Yellowfin Bream Acanthopagrus australis

Bream fishing has grown hugely in popularity in the last few years, with anglers target this often fickle species on all kinds of lures and techniques.

Yellowfin Bream can grow to 65 cm in length and about 4 kg in weight!

Yellowfin Bream can grow to 65 cm in length and about 4 kg in weight!

Yellowfin Bream are a fantastic light tackle sport fish that will readily take all kinds of lures include surface poppers, soft plastics and more.

Bream tend to hide tight in snags

Bream provide fantastic sport fishing on light tackle and are capable of big bust-offs around structure such as snags, rocks and oyster leases. Don’t be fooled, these little guys can bring a grown man to his knees in comps or when another expensive lure gets towed home.

ellowfin bream (Acanthopagrus australis) is a popular fish species found in coastal waters and estuaries around Australia. It is a member of the family Sparidae, which includes other popular sport fish such as snapper and whiting.

Yellowfin bream are known for their distinctive yellow fins and silver-grey body, which can grow up to 40 cm in length. They are a popular target for recreational fishers due to their abundance, accessibility, and willingness to take a variety of baits and lures.

Yellowfin bream are commonly found in estuaries and tidal rivers, where they feed on a range of prey including crustaceans, mollusks, and small fish. They are most active during the warmer months and can be caught using baits such as prawns, worms, and yabbies, or lures such as soft plastics and hard-bodied lures.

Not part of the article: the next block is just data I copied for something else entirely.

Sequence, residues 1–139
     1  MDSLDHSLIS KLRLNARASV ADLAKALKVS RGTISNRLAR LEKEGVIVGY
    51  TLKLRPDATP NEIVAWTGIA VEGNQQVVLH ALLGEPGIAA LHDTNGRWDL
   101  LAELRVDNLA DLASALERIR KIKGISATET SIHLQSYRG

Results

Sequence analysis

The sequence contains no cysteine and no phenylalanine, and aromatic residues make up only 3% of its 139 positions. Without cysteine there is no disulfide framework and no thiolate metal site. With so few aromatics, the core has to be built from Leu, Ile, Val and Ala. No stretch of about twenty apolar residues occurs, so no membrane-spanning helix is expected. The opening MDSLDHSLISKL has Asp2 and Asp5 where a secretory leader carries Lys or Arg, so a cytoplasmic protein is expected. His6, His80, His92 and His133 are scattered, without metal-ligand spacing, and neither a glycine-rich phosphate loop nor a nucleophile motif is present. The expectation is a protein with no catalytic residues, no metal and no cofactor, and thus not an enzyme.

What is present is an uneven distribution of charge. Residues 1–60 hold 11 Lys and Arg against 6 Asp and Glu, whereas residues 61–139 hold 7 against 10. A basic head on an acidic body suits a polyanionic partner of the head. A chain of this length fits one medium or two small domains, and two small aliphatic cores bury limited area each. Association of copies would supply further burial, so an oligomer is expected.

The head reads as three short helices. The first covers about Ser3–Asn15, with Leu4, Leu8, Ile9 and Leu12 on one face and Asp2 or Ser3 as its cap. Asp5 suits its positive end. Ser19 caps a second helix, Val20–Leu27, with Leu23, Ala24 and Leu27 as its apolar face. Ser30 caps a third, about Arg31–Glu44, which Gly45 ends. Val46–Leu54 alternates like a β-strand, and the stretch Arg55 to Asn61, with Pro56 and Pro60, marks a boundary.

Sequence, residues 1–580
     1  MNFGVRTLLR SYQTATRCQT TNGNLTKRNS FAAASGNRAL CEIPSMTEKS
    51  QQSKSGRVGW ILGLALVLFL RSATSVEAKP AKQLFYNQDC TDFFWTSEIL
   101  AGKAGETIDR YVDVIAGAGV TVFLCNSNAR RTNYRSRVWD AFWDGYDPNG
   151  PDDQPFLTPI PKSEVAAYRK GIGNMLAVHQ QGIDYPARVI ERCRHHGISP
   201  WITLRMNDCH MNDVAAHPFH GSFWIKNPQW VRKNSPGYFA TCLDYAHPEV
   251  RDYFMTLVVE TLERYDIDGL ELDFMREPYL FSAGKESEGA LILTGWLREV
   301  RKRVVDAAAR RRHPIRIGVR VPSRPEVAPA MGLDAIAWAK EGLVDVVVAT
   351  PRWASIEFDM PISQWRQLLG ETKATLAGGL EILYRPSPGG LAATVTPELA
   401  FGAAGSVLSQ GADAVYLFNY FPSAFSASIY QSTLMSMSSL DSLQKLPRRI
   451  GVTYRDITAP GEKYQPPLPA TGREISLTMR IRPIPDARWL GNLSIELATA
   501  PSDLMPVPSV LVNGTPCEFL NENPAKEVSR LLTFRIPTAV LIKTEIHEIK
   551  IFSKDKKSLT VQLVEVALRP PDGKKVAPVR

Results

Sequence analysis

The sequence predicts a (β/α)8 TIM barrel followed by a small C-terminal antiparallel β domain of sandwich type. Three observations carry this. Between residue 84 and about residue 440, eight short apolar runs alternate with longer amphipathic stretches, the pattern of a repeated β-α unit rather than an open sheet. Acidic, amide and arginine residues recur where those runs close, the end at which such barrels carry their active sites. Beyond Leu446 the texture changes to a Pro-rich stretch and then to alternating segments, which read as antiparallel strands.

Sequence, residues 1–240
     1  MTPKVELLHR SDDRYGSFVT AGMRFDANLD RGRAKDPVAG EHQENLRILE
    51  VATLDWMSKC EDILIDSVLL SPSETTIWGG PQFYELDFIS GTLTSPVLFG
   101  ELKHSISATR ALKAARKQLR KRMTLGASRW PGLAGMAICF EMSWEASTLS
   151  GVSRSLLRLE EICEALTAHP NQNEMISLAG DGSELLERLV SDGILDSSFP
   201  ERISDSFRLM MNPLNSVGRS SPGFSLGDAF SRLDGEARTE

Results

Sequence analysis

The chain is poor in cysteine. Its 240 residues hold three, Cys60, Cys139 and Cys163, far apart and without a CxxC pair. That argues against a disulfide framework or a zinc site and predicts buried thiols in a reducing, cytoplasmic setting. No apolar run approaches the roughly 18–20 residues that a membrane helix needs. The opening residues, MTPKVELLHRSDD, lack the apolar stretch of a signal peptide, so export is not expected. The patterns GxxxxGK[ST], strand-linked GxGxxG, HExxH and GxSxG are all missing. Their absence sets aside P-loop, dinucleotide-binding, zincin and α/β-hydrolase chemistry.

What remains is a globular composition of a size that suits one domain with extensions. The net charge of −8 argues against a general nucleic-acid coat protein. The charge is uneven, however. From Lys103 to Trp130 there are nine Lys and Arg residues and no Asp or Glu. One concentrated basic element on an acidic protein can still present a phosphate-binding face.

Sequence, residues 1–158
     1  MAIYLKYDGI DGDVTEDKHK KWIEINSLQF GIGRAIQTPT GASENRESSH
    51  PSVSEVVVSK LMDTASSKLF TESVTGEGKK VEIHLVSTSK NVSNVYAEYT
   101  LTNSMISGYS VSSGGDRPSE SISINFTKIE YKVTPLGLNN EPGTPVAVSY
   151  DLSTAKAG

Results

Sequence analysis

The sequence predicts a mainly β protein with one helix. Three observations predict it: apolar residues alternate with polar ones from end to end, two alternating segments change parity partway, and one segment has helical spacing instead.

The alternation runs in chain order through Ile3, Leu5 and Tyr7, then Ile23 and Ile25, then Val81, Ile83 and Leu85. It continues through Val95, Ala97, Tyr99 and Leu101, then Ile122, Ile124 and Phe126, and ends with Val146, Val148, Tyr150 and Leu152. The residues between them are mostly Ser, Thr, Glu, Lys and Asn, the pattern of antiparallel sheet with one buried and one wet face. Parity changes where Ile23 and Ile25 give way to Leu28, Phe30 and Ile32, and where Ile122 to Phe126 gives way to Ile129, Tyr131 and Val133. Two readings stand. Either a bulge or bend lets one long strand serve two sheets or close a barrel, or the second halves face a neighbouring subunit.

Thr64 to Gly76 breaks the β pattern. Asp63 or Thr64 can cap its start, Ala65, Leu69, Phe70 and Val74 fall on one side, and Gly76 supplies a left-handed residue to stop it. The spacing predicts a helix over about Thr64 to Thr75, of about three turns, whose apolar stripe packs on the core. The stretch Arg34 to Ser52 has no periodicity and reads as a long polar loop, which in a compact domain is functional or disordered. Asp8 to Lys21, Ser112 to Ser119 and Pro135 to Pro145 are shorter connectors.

Yellowfin Bream Spawning

Yellowfin bream (Acanthopagrus australis) typically spawn in the late winter and early spring months (August to October) in estuaries and nearshore coastal waters of Australia close to river mouths. Spawning may occur over several months, depending on the location and water conditions.

During the spawning season, male yellowfin bream undergo changes in their coloration, developing darker stripes and a more vivid yellow coloration on their fins, while female yellowfin bream tend to become rounder and more plump as their ovaries fill with eggs.

Spawning typically occurs in the early morning hours, with males releasing their sperm into the water column and females releasing their eggs. The eggs are then fertilized in the water and are carried by the currents until they hatch into larvae, which are then carried back into estuaries and coastal waters by tidal movements.

Yellowfin bream larvae remain in the estuaries and nearshore waters for several months before moving out to deeper waters. They then grow and mature, returning to estuaries and coastal waters to spawn once they reach sexual maturity at around two to three years of age.

Here are some tips for yellowfin bream fishing:

  1. Know the habitat: Yellowfin bream are commonly found in estuaries, tidal rivers, and nearshore coastal waters, where they feed on a range of prey including crustaceans, mollusks, and small fish. Look for structures such as rock walls, jetties, and weed beds, as these areas can provide cover and food for yellowfin bream.